9. Giant Bernard (July 18, 2011)


Today, he's known as Jason Albert, NXT color commentator, or Matt Bloom, head coach of the WWE Performance Center. Prior to that, he was a legendary tag team wrestler in New Japan and a destroyer known as Giant Bernard, who was in the middle of a historic title reign in his own right along with Karl Anderson. In exchange for giving Tanahashi an IWGP Tag Title shot (more on this below), the Ace of New Japan gave him an IWGP Heavyweight Championship Match.

In a rematch from the crowning of a new IWGP Heavyweight Champion years back, the newest encounter showed how much Tanahashi has grown from young lion to Mr. Main Event. Bernard showed everyone that while he is primarily a tag team wrestler, as a singles competitor, he has a lot to show everyone, and management has certainly taken notice. He may not have gotten the title reign he deserved, but he was still a mega player as one half of Bad Intentions.

8. Satoshi Kojima (February 20, 2011)



After Kojima lost his title at Wrestle Kingdom V, the rematch would be inevitable, and he got his wish a month later. It was during this time that Kojima was still a fighting machine, ready to be put in any main event. Tanahashi's resilience overcame Kojima's experience and power, which led the former to his V1 defense of the title.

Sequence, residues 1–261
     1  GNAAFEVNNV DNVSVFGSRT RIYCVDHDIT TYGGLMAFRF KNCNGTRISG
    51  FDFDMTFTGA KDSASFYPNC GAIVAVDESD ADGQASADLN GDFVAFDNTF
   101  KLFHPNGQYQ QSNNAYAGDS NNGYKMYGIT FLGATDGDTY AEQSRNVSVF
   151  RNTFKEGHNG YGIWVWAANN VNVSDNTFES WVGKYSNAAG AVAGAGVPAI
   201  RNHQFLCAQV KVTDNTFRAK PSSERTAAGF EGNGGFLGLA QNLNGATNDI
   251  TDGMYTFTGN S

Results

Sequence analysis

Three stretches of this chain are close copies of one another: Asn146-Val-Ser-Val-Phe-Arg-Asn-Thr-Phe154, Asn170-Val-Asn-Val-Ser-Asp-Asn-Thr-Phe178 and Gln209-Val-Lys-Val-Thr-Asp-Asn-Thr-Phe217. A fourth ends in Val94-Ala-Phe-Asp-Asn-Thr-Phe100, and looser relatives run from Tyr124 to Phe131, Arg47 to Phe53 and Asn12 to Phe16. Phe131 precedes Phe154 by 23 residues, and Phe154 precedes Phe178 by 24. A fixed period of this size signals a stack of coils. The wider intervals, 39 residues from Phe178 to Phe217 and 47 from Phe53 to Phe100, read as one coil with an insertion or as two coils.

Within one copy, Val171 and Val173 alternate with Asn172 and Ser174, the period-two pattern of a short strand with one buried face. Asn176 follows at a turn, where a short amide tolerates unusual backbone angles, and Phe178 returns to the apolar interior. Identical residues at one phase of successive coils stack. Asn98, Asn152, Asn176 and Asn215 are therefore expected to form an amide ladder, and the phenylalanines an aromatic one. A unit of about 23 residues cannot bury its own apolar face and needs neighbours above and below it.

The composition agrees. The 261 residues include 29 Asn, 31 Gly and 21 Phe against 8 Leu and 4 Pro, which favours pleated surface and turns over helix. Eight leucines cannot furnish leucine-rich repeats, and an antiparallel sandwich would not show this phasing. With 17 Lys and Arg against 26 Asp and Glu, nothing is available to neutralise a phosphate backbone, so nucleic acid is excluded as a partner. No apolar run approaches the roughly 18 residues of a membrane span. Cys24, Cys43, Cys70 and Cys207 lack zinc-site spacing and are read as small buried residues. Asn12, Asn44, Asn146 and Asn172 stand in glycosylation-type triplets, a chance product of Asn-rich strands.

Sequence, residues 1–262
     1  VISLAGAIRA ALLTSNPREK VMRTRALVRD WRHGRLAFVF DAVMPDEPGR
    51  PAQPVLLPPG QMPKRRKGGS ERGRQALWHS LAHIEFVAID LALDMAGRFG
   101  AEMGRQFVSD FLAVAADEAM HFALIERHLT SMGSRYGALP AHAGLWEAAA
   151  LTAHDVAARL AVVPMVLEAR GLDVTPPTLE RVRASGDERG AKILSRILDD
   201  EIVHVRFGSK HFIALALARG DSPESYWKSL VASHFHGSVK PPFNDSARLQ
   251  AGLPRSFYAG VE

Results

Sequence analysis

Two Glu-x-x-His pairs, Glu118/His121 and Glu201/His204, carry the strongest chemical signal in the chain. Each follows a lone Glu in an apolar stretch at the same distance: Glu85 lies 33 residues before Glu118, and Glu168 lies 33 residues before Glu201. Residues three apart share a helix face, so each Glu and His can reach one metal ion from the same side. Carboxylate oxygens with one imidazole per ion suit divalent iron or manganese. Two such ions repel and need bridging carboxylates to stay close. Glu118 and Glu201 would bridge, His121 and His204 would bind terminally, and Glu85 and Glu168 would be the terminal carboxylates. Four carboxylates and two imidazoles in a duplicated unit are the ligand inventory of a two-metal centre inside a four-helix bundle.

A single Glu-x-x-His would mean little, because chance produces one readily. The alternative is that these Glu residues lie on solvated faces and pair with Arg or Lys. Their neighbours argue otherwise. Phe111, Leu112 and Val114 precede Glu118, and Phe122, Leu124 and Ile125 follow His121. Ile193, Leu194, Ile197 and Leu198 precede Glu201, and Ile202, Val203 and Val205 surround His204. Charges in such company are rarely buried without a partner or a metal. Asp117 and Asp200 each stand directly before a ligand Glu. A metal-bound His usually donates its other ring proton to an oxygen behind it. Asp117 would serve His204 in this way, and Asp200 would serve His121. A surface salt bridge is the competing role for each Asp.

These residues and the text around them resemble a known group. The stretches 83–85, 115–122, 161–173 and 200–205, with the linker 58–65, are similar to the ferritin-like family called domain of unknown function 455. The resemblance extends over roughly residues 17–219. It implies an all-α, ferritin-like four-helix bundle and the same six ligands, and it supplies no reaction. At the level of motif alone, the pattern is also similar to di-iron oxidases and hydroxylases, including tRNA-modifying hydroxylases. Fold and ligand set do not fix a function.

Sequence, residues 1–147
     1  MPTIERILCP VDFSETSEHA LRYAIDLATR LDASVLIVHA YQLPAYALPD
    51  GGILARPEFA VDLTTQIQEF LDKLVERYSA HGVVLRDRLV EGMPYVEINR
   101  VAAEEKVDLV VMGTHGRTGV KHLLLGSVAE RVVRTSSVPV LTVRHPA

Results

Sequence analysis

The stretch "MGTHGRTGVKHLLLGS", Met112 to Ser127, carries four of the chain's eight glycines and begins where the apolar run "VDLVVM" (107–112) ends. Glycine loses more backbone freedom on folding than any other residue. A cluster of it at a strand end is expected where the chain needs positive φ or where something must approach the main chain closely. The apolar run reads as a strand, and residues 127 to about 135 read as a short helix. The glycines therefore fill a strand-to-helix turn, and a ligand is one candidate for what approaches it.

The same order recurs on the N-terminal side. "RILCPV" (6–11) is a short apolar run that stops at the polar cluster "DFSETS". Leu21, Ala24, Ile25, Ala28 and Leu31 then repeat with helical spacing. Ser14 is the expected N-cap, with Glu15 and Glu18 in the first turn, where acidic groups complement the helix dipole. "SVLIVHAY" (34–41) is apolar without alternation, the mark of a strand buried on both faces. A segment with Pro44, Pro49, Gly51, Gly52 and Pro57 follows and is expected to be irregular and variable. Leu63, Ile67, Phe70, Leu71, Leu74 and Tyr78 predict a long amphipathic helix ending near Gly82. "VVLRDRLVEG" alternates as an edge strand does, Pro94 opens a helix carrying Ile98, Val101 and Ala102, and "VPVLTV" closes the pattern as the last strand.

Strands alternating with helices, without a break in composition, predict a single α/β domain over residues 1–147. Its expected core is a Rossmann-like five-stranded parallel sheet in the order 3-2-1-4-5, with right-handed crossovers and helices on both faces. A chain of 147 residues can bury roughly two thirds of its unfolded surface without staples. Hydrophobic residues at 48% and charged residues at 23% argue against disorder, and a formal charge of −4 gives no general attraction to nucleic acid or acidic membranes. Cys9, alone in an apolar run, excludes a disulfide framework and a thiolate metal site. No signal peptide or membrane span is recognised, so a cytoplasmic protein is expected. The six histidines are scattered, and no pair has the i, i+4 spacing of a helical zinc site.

This time period is also important due to the fact that by this time, Kojima was already leading a group of lackeys in the form of Taichi, TAKA Michinoku, Nosawa Rongai, and MVP. Yes, Montel Vontavious Porter. This group, Kojima-gun, would last a few months until Minoru Suzuki made his NJPW return and ousted him from the group, renaming it to what it is known today: Suzuki-gun.

7. Shinsuke Nakamura (Part 1, May 3, 2011)


Before he became the King of Strong Style, oozing with swag, Nakamura was still the leader of CHAOS and the man who has a lot to show in terms of being a serious badass. So when they fought each other on May 2015, it was a continuation of the rivalry that spanned their entire career. And while Nakamura lost this particular encounter, it wouldn't be the last time they would meet each other.

6. Yuji Nagata (Part 1, April 3, 2011)


Before the IWGP Intercontinental Championship and the NEVER Openweight Championship, the IWGP Heavyweight Championship was the only big deal for singles wrestlers in NJPW. So when Yuji Nagata, a man that continued to defy age, won the 2011 installment of the New Japan Cup, the prize was very clear: a shot at Tanahashi's belt. And on April 2011, they fought one another to a championship battle between the current generation and the previous generation, with the younger Tanahashi overcoming another third generation wrestler in Nagata. Nagata lost the match, but he would have a more pressing issue some months later that would seriously call his attention—one with historical implications.